Good Edits Make Better Photos With iPhoto For iPad [iOS Tips]



While the built in Photos app can do some basic things like rotating photos or sorting them into albums, chances are most of us have wished we could do a few more basic tweaks to our photos before we send them off to be printed or shared with friends and family. Now that it’s vacation time for a lot of families, we though it’d be great to run through some basic photo editing tips using Apple’s own iPhoto for the iPad, for easy yet powerful editing on the go.

First up, the iPhoto for iPad app is $4.99, which is surely not going to break the bank. Included with iPhoto are many of the pro-sumer level effects that should meet the needs of most, if not all, non-professional photographers. Download the app from the App Store right away to follow along step by step.

Cropping photos well is a basic yet underutilized editing technique that most photographers do first. In iPhoto, tap the photo you’d like to crop and tap, well, the Crop button in the lower left of the screen. Touch the image, then, to crop it. you can twist your fingers to rotate the photo, tap and drag the crop handle by its edges, or just pinch in or out to adjust the photo size relative to the frame around it. You can also tap the gear icon to choose a preset image ratio (like 4 X 3 or 5 X 7).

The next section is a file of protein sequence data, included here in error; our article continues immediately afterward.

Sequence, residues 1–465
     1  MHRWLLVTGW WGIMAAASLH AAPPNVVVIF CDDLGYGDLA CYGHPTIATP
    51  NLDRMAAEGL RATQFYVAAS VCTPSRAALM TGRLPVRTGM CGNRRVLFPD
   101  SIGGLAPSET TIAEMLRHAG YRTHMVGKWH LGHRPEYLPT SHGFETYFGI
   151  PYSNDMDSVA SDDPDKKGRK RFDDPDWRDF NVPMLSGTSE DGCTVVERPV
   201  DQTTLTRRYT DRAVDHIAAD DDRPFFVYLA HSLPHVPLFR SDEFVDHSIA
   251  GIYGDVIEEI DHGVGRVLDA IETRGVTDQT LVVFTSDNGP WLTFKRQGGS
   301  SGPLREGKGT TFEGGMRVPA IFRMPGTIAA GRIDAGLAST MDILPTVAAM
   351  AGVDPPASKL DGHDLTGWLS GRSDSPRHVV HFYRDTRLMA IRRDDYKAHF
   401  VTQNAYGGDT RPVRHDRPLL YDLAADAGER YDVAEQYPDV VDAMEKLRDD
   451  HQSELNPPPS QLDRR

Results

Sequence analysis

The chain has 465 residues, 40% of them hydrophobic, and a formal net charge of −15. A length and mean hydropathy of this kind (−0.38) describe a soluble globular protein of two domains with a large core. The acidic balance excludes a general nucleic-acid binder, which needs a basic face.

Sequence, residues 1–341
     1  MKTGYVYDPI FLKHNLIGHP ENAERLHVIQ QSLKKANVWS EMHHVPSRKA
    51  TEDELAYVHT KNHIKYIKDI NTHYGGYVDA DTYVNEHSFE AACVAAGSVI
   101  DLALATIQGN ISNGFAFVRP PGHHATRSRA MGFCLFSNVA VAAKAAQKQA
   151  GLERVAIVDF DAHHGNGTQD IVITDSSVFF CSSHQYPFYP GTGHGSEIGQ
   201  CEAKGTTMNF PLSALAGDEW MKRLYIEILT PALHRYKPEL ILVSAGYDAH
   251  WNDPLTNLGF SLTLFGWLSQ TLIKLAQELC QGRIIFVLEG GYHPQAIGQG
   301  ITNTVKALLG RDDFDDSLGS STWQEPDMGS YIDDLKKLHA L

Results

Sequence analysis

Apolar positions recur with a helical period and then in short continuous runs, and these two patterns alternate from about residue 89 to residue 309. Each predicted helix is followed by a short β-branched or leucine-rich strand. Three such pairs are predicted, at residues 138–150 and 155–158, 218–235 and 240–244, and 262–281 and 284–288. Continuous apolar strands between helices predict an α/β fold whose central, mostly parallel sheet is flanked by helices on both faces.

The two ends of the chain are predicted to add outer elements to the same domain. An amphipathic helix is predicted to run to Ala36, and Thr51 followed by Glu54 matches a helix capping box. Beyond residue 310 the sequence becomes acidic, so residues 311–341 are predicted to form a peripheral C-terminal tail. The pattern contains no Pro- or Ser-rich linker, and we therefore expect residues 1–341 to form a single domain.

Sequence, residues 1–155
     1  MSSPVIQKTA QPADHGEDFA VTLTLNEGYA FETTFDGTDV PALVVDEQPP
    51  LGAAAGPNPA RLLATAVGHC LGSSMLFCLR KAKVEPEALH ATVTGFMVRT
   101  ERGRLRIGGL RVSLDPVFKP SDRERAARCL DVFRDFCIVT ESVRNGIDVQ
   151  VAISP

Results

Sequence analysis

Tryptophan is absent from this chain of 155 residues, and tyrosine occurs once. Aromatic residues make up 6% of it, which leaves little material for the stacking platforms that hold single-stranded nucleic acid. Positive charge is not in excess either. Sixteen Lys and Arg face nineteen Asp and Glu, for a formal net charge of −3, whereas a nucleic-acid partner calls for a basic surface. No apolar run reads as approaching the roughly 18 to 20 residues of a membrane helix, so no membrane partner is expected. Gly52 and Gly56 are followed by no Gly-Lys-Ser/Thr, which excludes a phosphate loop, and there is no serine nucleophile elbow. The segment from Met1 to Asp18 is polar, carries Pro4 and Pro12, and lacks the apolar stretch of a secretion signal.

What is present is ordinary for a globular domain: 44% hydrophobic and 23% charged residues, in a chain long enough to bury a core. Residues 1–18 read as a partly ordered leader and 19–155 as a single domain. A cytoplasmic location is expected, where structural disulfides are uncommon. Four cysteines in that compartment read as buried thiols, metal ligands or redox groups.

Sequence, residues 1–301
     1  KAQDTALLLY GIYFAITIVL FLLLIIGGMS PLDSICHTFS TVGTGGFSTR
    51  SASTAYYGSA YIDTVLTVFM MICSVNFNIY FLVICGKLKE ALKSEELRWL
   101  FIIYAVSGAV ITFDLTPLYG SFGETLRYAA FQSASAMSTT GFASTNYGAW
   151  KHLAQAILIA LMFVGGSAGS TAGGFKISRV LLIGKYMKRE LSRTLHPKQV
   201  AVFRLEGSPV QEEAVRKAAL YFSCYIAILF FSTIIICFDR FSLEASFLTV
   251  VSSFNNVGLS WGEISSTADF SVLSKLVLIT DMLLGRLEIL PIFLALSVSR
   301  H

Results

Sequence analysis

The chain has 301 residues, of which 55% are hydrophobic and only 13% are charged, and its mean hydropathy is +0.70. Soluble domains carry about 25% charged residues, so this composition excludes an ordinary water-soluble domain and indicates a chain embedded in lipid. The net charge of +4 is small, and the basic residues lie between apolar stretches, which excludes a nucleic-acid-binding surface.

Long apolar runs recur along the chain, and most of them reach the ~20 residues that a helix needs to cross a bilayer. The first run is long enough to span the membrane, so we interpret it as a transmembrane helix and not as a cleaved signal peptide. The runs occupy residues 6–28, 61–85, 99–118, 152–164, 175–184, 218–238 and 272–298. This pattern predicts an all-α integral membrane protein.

Color correction is another quick way to make good images great. Select a photo, then tap the palette icon in the lower left of the screen. Touch the area in the image you want to adjust, and iPhoto will auto-magically know if you’re touching blue sky, skin tones, or green scenerey, and adjust accordingly. When the adjustment handles appear, you’ll be able to drag your finger left or right to adjust that specific color in the image. Touch anywhere else in the image and you’ll be able to drag your finger up or down to saturate or desaturate the color in the whole photo. Look below the photo to adjust colors with the four sliders along the bottom of the screen to adjust the saturation, blue skies, greenery, or skin tones for the whole photo.

There are even some preset color adjustments you can do by tapping the White Balance (WB) icon in the lower right. Just choose a preset, like Cloudy, Incandescent, or Sun, to adjust the image accordingly.

Got an iOS tip of your own? Need help troubleshooting your iPhone, iPod touch or iPad? Drop me a line or leave a comment below.